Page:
66% or better

Your very own cloud chamber

 

[Kenneth] and [Jeff] spent a weekend building a cloud chamber. This is a detection device for radiation particles that are constantly bombarding the earth. It works by creating an environment of supersaturated alcohol vapor which condenses when struck by a particle travelling through the container, leaving a wispy trail behind. This was done on the cheap, using isopropyl alcohol and dry ice. They already had a beaker, and after a few tries figured out that the dry ice worked best when serving as a bed for the flask. A black piece of paper was added inside the base of the container to help raise the contrast when looking for condensate. They experimented with a couple of different methods for warming the alcohol, including an immersion heater built from power resistors.

There’s a video explaining the apparatus which we’ve embedded after the break. It’s a bit hard to see evidence of particle travel in the video but that’s all the more reason you should give this a try yourself.

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Backwards Mario

So you’ve long since mastered Super Mario Bros. and it no longer challenges you? Have you tried playing it from right to left? That’s what Backwards Mario is all about. The first portion of the hack is getting the image to display backwards. He’s working with an old CRT television, which uses a magnetic ring to aim the electron gun at the screen. By swapping the left and right wires from that ring you can flip the image horizontally. Now Mario will be travelling right to left, but the controller buttons will send Mario the wrong direction on screen. This is a snap to fix, just crack open the controller and swap the signals for the left and right buttons. Now it’s time to fall in love with the classic game all over again, just like [JJ's] doing in the video after the break.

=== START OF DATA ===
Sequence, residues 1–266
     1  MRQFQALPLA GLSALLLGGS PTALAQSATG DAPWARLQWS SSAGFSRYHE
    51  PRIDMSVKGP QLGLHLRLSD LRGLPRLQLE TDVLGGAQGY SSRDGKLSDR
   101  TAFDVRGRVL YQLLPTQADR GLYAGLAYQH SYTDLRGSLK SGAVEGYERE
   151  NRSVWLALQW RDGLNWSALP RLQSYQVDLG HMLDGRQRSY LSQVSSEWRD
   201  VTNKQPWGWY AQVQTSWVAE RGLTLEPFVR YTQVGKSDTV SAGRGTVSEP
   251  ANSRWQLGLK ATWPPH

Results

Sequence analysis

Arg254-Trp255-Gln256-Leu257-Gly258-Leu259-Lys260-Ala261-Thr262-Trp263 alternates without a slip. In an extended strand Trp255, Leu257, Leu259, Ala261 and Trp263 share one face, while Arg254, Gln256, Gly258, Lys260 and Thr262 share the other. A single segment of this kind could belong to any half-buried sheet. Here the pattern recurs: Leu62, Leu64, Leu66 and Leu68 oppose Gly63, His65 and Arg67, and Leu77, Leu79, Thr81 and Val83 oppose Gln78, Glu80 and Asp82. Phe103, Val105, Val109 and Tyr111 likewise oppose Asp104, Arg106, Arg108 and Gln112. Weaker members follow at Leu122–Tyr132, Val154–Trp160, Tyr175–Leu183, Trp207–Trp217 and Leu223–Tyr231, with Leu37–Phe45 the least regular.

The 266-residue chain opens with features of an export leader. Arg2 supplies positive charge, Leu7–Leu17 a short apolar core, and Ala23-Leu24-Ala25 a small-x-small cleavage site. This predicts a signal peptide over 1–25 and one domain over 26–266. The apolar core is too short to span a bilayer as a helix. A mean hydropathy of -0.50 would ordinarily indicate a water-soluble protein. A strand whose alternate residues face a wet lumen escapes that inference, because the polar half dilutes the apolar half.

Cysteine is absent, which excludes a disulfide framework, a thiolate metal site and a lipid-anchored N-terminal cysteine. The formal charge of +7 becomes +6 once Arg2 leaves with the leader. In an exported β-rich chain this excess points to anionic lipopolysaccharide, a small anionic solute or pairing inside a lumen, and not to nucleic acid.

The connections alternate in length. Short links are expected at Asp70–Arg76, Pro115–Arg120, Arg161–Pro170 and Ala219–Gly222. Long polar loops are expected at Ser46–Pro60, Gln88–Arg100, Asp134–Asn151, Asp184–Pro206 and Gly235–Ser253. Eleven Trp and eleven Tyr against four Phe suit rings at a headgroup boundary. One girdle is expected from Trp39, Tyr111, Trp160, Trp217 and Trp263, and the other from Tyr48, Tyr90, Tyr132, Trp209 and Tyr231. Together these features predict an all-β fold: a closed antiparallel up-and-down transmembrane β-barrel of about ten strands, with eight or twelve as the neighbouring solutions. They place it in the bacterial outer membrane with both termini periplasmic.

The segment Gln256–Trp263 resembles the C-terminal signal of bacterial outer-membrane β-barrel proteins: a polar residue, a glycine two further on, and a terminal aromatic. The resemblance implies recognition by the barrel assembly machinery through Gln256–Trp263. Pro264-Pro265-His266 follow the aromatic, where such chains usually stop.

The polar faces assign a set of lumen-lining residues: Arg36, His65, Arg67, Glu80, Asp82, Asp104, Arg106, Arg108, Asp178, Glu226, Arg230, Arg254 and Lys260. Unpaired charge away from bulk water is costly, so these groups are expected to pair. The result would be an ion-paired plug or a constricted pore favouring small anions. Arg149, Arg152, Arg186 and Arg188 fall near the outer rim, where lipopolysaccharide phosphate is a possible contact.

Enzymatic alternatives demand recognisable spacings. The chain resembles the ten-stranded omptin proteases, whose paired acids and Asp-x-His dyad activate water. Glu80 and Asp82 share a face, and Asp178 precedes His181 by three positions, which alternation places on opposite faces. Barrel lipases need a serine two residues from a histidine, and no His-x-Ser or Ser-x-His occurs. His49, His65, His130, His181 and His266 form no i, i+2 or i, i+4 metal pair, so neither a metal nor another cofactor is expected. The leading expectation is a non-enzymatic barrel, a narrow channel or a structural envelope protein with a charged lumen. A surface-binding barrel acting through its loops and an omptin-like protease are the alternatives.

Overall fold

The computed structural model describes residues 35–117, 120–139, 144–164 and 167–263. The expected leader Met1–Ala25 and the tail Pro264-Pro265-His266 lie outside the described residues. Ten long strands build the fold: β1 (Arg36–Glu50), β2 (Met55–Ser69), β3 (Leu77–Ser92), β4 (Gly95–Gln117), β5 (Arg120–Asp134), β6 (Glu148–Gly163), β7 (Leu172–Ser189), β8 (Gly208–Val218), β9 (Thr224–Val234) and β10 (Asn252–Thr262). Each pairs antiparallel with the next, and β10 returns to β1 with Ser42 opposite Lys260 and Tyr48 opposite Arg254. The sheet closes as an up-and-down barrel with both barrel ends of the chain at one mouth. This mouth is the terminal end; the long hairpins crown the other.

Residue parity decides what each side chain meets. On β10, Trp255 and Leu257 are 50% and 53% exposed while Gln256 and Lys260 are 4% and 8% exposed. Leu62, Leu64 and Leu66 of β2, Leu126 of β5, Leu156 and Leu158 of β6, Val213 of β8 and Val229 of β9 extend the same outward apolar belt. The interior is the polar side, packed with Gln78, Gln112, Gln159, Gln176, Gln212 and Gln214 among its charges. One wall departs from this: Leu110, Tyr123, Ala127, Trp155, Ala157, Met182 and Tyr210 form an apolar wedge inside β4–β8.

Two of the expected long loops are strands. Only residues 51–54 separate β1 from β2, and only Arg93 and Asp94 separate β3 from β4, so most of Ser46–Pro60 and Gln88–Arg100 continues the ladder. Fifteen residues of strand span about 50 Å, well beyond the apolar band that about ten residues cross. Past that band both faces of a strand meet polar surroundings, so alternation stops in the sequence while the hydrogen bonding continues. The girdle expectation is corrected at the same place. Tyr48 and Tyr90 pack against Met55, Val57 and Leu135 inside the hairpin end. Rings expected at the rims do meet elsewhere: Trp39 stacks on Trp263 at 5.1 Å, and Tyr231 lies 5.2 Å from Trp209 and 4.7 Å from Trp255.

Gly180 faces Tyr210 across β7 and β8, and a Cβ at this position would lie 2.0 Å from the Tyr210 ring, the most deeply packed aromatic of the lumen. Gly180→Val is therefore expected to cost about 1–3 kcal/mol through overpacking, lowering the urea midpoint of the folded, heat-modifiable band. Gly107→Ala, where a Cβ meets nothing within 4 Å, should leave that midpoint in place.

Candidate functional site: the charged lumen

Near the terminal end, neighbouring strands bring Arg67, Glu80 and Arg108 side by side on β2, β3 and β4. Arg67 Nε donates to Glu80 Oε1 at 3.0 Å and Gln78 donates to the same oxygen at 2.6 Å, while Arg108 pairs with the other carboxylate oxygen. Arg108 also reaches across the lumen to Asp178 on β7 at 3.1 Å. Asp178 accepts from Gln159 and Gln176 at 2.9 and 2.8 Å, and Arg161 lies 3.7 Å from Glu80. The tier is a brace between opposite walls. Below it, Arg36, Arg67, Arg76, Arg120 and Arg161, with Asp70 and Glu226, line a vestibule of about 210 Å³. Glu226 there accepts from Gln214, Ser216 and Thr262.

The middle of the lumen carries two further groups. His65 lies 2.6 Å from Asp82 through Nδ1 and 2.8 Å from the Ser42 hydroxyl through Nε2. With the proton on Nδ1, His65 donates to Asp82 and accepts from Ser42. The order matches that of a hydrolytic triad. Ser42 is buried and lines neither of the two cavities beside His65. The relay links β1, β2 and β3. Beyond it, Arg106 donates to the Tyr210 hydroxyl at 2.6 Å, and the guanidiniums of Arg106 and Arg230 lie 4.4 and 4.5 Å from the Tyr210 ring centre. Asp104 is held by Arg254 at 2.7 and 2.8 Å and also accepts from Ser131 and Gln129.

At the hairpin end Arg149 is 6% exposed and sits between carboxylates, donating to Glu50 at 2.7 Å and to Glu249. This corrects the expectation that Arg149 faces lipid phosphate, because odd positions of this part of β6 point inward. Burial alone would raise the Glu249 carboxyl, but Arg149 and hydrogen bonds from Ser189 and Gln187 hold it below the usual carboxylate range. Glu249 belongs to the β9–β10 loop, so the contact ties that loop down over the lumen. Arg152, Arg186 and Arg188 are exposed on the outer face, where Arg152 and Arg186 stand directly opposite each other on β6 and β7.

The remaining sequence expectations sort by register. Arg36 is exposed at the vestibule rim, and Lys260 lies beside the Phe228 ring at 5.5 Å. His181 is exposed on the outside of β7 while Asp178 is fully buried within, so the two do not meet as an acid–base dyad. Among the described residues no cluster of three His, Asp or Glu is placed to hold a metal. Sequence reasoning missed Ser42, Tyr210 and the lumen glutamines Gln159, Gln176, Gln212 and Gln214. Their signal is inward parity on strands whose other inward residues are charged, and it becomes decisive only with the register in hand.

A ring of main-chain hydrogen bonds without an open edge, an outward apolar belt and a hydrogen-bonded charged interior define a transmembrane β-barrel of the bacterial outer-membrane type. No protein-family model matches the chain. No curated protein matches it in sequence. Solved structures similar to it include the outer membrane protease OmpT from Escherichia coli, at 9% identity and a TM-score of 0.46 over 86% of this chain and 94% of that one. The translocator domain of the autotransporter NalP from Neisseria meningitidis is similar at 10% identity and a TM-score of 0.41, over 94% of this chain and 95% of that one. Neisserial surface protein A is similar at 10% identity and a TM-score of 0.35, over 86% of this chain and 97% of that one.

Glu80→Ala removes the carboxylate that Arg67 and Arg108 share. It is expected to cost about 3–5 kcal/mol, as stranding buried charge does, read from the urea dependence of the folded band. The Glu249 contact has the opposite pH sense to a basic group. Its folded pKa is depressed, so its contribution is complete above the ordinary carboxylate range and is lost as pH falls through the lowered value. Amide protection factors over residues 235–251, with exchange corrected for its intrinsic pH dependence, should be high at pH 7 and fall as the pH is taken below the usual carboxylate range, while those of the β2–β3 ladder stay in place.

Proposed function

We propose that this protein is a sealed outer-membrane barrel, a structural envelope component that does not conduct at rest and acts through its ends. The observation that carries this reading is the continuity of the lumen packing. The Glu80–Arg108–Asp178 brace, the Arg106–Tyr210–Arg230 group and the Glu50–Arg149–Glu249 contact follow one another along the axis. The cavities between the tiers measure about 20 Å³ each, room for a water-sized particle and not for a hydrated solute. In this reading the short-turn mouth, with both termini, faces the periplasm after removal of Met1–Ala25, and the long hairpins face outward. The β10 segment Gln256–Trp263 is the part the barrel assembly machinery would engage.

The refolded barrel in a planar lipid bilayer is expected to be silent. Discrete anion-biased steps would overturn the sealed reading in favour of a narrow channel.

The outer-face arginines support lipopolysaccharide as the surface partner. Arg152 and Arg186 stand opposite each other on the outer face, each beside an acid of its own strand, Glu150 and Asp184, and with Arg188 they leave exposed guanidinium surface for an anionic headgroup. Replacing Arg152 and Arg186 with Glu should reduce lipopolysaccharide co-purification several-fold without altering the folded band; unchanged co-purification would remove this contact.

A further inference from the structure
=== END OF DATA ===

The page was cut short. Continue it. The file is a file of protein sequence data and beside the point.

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Revive your tired Dremel battery pack

It turns out there’s nothing more than six Nickel Cadmium AA rechargeable batteries inside of that cordless Dremel battery pack. Yep, standard rechargeable AA’s that you can buy most anywhere, and now you can revive that aging battery pack by following [Stuuf's] guide. Since you’re already at it, a few more bucks will yield a real upgrade by using the superior Nickel Metal Hydride batteries which should yield around three times as much use between charging. We totally understand having a battery pack, since the shape of the case is part of the handheld tool, and it should be easy to interchange the battery as one unit. We just wish that the battery pack had been designed to have the AA cells swapped out by the user once they had reached the end of the line.

Do you have other cordless tools in need of a pick-me-up? Check out this Makita battery pack repair hack for a point in the right direction.

[Thanks Bluewraith]